Star Wars: The Rise Of Disappointment

Despite earning nearly $1 billion dollars at the box office, Star Wars: The Rise Of Skywalker is one of the worst Star Wars films to date.

At first, Disney’s three-part addition to the Star Wars saga showed promise with its first release of Star Wars: The Force Awakens back in 2015. While flawed, the characters were interesting enough to keep your attention, and the returning cast from the previous movies was there to help ease the audience back into the classic style of the original Star Wars series. Then came The Last Jedi, which completely derailed everything set up by The Force Awakens, and even went as far as to kill its main villain at an early stage.

Now, the Star Wars saga has ended with the final chapter in the trilogy, The Rise Of Skywalker. I wish I could say I’m a fan, but it’s just an incoherent mess, featuring plot holes, side plots that go nowhere, token appearance characters who have nothing to do, break neck pacing, and problematic, uninspiring villains. 

Emperor Palpatine (Ian McDiarmid) who was seemingly killed in Episode Six (Return of the Jedi), is reintroduced within the first five minutes of Skywalker. The only explanation for his resurrection is that the Dark Side is a pathway to many unnatural abilities. What?

Soon, the Emperor raises yet another Stormtrooper army which were previously named “The First Order,” and now called “The Final Order.” The first thing I thought when I saw this was how? How did the Emperor defy death so conveniently? How did he raise another army without the rebels knowing? Where are these resources coming from? And most importantly, how does the Emperor keep losing, and yet bounce back?

Some characters, such as Rose Tico (Kelly Tran from The Last Jedi), Lando Calrissian (Billy Dee Williams, well-preserved from The Return of the Jedi days), and the Knights Of Ren are just there. Rose Tico has about 90 seconds of screen time in total, while Lando is important for a single scene, then pushed to the background. The Knights Of Ren just stand around looking tough for 80 percent of the movie, until they’re killed off.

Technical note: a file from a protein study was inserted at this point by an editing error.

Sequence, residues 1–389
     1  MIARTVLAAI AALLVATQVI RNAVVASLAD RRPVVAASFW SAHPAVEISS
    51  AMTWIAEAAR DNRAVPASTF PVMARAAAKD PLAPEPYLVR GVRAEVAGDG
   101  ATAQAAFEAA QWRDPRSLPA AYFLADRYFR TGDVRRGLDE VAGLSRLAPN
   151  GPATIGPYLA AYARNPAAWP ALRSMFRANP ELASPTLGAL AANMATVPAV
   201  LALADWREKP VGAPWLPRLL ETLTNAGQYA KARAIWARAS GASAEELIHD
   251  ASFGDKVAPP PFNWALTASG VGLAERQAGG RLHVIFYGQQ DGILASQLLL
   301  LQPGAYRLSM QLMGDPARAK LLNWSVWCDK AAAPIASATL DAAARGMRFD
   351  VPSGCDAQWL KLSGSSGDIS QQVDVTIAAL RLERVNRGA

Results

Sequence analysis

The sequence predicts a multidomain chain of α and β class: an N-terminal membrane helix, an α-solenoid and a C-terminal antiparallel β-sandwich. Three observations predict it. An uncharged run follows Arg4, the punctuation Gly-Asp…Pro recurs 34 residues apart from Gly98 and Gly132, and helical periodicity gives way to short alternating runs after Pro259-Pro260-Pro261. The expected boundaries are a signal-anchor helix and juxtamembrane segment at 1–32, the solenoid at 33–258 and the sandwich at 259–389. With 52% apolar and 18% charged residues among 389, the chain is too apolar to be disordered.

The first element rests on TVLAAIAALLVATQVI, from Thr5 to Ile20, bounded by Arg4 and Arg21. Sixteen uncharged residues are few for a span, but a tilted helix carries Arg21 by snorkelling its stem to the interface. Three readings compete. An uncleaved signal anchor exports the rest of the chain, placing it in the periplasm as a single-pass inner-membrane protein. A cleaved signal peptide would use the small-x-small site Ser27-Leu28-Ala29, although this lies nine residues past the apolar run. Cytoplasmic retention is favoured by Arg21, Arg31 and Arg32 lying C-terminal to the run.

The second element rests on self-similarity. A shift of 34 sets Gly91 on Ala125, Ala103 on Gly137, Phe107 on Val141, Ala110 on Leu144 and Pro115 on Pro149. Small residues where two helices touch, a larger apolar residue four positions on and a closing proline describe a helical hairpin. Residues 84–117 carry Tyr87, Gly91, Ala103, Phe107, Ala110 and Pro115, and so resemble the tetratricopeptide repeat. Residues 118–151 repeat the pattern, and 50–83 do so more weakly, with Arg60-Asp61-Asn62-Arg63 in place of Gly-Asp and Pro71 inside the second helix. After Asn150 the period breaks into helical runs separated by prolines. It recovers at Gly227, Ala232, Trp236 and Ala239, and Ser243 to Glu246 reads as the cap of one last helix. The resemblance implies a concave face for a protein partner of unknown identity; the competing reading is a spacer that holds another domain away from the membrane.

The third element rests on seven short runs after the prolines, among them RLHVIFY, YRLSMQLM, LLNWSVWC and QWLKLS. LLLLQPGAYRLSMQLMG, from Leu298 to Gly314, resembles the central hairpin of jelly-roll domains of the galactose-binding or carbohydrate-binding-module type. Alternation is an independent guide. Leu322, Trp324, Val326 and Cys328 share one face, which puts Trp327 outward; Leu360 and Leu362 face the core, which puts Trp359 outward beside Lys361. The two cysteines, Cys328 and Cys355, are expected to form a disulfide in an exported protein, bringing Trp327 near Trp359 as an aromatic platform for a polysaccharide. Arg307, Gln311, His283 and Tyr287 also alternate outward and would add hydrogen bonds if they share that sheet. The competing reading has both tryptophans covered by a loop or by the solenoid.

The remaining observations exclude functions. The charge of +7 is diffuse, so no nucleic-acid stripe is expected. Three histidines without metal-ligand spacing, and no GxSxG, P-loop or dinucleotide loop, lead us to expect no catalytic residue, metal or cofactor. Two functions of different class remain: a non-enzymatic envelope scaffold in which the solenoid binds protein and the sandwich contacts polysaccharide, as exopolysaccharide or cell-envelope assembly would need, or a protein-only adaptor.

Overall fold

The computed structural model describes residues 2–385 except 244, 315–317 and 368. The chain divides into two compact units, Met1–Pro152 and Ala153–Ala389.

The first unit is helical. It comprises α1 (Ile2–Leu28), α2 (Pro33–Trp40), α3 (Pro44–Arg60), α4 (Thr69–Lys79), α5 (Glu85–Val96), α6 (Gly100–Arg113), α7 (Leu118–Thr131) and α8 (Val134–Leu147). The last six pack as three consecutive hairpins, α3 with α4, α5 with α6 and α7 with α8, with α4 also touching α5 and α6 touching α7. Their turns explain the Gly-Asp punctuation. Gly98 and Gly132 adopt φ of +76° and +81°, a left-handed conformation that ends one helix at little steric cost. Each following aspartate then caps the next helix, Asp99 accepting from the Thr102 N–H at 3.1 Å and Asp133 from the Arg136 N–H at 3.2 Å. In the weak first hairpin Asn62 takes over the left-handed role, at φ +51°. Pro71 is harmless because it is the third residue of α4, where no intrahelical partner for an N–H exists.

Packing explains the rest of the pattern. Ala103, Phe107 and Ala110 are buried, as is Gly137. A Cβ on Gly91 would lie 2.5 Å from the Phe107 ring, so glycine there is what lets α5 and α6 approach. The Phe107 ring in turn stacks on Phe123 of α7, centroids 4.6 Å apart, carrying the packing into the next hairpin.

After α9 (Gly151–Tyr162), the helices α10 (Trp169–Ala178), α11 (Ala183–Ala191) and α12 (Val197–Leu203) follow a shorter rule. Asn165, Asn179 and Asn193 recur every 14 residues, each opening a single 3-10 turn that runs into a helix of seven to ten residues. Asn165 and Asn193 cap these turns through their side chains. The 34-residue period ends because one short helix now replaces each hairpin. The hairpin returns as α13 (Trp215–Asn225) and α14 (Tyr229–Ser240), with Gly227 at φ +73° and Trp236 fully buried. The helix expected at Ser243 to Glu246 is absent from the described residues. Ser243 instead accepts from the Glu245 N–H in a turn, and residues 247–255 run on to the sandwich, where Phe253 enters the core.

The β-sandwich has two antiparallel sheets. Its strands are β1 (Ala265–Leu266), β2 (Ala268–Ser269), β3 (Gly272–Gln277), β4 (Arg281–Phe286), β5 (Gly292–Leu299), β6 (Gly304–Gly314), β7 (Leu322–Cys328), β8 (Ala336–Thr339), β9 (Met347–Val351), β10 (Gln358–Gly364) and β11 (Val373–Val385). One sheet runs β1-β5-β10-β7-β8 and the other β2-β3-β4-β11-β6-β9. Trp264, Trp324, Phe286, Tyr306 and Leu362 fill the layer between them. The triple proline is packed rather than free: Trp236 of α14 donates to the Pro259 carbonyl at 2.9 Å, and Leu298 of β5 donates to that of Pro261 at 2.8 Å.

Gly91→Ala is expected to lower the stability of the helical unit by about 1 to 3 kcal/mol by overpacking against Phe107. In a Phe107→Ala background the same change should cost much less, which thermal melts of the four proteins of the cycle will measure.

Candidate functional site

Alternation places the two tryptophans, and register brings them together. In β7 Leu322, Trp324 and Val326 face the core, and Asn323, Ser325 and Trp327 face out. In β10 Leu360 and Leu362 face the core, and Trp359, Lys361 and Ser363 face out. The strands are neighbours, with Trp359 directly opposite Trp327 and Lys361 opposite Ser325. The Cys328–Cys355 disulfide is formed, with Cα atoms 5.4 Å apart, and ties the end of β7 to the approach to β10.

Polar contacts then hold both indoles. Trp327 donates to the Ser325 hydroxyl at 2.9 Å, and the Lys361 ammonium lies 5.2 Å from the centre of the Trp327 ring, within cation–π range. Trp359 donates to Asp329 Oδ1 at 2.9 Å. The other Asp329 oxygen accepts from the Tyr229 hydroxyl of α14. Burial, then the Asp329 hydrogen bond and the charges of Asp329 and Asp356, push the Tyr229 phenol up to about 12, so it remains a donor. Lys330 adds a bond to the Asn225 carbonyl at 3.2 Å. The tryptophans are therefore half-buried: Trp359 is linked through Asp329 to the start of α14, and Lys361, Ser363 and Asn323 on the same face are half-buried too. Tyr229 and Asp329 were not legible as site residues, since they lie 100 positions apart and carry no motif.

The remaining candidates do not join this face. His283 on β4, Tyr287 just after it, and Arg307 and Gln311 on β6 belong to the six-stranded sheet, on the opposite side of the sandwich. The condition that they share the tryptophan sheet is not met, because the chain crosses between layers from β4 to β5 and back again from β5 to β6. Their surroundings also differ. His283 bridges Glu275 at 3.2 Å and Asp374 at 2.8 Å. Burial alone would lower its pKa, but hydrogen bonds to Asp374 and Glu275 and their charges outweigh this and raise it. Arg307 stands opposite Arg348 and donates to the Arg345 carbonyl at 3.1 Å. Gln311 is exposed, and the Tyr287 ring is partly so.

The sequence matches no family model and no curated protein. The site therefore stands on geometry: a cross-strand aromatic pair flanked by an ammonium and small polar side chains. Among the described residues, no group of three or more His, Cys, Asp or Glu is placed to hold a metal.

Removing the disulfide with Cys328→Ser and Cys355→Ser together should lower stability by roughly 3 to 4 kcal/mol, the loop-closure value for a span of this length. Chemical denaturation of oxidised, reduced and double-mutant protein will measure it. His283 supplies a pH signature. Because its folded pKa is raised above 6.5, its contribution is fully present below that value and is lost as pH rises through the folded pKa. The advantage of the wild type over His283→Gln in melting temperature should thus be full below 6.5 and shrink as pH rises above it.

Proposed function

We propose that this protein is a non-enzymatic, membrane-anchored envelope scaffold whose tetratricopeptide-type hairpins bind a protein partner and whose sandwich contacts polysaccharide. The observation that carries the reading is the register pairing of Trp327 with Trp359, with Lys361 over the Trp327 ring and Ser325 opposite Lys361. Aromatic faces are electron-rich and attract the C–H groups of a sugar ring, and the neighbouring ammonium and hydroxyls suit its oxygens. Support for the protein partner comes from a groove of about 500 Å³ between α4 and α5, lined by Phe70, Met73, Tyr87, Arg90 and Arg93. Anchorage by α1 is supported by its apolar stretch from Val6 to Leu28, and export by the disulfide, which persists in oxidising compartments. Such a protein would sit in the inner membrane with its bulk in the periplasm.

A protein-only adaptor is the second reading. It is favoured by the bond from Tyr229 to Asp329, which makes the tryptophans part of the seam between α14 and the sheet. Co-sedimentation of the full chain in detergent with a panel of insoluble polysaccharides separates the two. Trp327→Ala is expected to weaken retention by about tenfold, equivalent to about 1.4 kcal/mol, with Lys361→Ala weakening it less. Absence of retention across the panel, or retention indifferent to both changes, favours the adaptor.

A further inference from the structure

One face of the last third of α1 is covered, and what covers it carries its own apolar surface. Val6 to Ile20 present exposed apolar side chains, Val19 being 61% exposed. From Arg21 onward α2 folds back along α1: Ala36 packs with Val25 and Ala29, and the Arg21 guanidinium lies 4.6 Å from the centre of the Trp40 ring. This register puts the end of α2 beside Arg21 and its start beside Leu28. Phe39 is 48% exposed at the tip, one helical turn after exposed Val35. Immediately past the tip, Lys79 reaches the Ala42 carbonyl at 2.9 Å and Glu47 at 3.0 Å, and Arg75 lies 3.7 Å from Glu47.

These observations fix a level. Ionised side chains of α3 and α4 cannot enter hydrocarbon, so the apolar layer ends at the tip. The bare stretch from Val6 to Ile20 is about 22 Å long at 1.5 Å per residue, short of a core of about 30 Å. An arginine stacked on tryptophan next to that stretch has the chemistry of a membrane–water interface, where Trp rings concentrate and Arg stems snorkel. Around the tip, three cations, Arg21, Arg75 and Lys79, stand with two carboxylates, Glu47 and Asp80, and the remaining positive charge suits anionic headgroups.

Kylo Ren (Adam Driver) is the only redeeming character in this movie. He finally makes an irrevocable choice for the Dark Side (or the Light Side–no spoilers here) of the Force in the most heavy-hearted, emotional scene for any character in the trilogy. 

Unfortunately, actress Carrie Fisher (Princess Leia), passed away before this movie began its filming, so the directors had to weave unused footage from previous movies with current actors and some CGI. But I think they handled her death very well and gave the character a nice ending.   

I can’t go further into detail without spoilers, but as a whole, this movie is incomprehensible. It’s a broken mess of a film that has a scavenger hunt for a plot, in which the characters basically look for artifacts that lead to the Emperor. Kathleen Kennedy and J.J Abrams (the leader of Lucasfilm and the director of this movie, respectively) stated the character of Emperor Palpatine was always slated to reappear. But judging by the plot, it is obvious that this decision was made as a last-minute, convenient way to wrap up the series.

To be fair, this movie was dead on arrival. Star Wars: The Last Jedi did irreversible damage to the Star Wars brand and drove many fans away. Meanwhile, the directors pointed all criticism toward the fan base for not liking the movie. This is equivalent to blaming your customers for not liking the food at your restaurant. Do you think they’re going to want to eat there again? 

In the end, the final Star Wars sequel trilogy was ruined by narcissistic directors, bad leadership, mismanagement, a lack of cohesion, political messaging, and a general disrespect for the audience George Lucas created.

Overall, I give this movie 5 out of 10 stars. Abrams and Kennedy did the best they could with what they had, but it’s the fault of the trilogy’s writers and directors for putting themselves in this position in the first place.